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Education in Tilsworth

Volume 81 published by Bedfordshire Historical Records Society (2002) is a series of episcopal visitations undertaken in the first twenty years of the 18th century, edited by former County Archivist Patricia Bell. At each visitation a list of questions was sent out in advance, one of which enquired about the provision of schools in each parish. The various replies for Tilsworth were as follows:

  • 1706: "There is no School, Almeshouse, or Hospitall in this Parish";
  • 1709: "No public or charity Schole";
  • 1717: "Schools We have none";
  • 1720: "Schools We have none".

In 1818 a Select Committee was established to enquire into educational provision for the poor. This was no doubt prompted, in part, by the recent foundation of two societies promoting education and specifically the building of schools. The Society for Promoting the Lancasterian System for the Education of the Poor was established in 1808 promoting schools run along the lines pioneered by Joseph Lancaster, who had himself copied those of Dr.Andrew Bell, in which older children taught their younger fellows. The Society was renamed the British and Foreign School Society in 1814,. It was supported by a number of prominent nonconformists, Lancaster himself was a Quaker, and sought to teach a non-sectarian curriculum. In answer to this perceived nonconformist takeover of local education the National Society was firmed in 1811 to encourage the teaching of poor children along Anglican lines, including the catechism. The Select Committee sent a questionnaire to all parishes in the country asking for: particulars relating to endowments for the education of children; other educational institutions; observations of parish needs etc. The return for Tilsworth stated that there was no endowment or school simply that: "The poor are desirous of possessing the means of education".

In the country generally the number of schools built continued to grow over the next fifteen years so that by 1833 the government agreed to supplement the work of the two societies, and local benefactors, by making £20,000 per annum available in grants to help build schools. It also prompted another questionnaire to be sent to each parish in England asking for details of local educational provision. The response from Tilsworth stated that there was now a daily school "in which 14 males and 18 females are taught to read and make straw-plait, at the expense of their parents". Sources of this period elsewhere express annoyance with and contempt for these plait schools, implying that all they really did was teach plaiting, the plait being sold to the hat makers in Luton. Whether this was true of Tilsworth plait school it is impossible to say. Tilsworth also had a Sunday School which had opened in 1824 and taught 31 males and 32 females, supporte by subscription. At this date Sunday Schools were just that, schools which met on a Sunday at which subjects such as readin gand writing would be taught along with the religious instruction which remains their sole purpose today. The Sunday School probably met in a room on the site of the current Church House.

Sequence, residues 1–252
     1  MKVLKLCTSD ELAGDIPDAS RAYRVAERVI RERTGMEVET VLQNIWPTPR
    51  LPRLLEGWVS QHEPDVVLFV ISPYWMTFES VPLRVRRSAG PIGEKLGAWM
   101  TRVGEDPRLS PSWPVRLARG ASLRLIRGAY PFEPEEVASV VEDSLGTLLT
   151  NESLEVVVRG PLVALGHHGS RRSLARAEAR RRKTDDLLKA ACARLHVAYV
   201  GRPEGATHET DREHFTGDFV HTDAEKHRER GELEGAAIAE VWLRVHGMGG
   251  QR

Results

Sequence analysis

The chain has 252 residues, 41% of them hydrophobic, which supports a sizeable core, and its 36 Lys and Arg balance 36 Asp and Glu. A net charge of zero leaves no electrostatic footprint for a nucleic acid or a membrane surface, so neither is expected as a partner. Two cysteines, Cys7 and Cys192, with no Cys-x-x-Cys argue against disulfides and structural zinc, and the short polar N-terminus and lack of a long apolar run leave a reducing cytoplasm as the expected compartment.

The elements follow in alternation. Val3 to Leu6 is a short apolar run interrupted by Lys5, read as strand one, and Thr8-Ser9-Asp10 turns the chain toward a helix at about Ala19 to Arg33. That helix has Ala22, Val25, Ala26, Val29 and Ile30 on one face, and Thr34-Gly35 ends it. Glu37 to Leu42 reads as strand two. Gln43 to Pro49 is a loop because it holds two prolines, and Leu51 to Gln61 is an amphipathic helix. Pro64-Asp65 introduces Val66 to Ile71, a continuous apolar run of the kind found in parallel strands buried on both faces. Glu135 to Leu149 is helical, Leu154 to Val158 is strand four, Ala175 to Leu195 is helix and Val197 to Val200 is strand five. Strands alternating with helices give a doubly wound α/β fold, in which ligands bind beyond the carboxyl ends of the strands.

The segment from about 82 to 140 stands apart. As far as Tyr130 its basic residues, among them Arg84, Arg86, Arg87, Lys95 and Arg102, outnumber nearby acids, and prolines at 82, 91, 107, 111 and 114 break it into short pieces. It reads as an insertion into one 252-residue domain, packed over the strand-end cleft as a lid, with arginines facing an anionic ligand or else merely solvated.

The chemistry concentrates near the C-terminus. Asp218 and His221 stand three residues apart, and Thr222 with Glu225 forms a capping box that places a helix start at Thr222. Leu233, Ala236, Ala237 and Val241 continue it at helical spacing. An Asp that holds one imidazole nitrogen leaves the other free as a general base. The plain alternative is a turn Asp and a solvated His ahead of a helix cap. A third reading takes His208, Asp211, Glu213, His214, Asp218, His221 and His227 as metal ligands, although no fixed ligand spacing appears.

The next national enquiry was in 1846/7 when the Church of England made an enquiry as to all its church schools. This was against the background of a new Whig government which championed secular education and the increasing importance of nonconformists, particularly Wesleyan Methodist, and Roman Catholics in providing schools. The Tilsworth return stated simply: "A Sunday school has been recently established in this parish"; it is not clear if twenty years or so previously could be regarded as recent or whether that school had failed and another one started.

 Tilsworth Infants School in the 1870s
Tilsworth Infants School in the 1870s [P130/28/5/11]

The first Education Act was passed in 1870 (more correctly it was known as the Elementary Education Act). It was a milestone in the provision of education in Britain demonstrating central government's unequivocal support for education of all classes across the country. It also sought to secularise education by allowing the creation of School Boards. These were groups of representatives, elected by the local ratepayers and the Board had the powers to raise funds to form a local rate to support local education, build and run schools, pay the fees of the poorest children, make local school attendance compulsory between the ages of 5 and 13 and could even support local church schools, though in practice they replaced them, turning them into Board run schools (known as Board Schools). Naturally, and luckily for local historians, the Act required a questionnaire of local schools in 1870. The response from Tilsworth was united with that for Eggington and Stanbridge but specifically noted a school for 27 infants in Tilsworth, slightly puzzlingly it went on: "If Tilsworth School be converted into an infants' school and at once made efficient by providing a gallery and appointing a certificated teacher, the accommodation mentioned…will not be required". This simply seems to mean that the school at Tilsworth was not being run on formal lines and there was a belief that it should be. The school was on the site of the current Church House.

 Tilsworth Church House March 2008
Tilsworth Church House March 2008

A School Board for Eggington, Stanbridge and Tilsworth was formed in 1874. The Board was, however, dismissed by the Board of Education in 1880 for failing to provide a new school and a new Board was imposed. By 1884 a new school (in Stanbridge) had been built and the district returned to an elected School Board, from that date no children were educated in Tilsworth, children from that parish attending school in Stanbridge.

Stanbridge Lower School March 2008
Stanbridge Lower School March 2008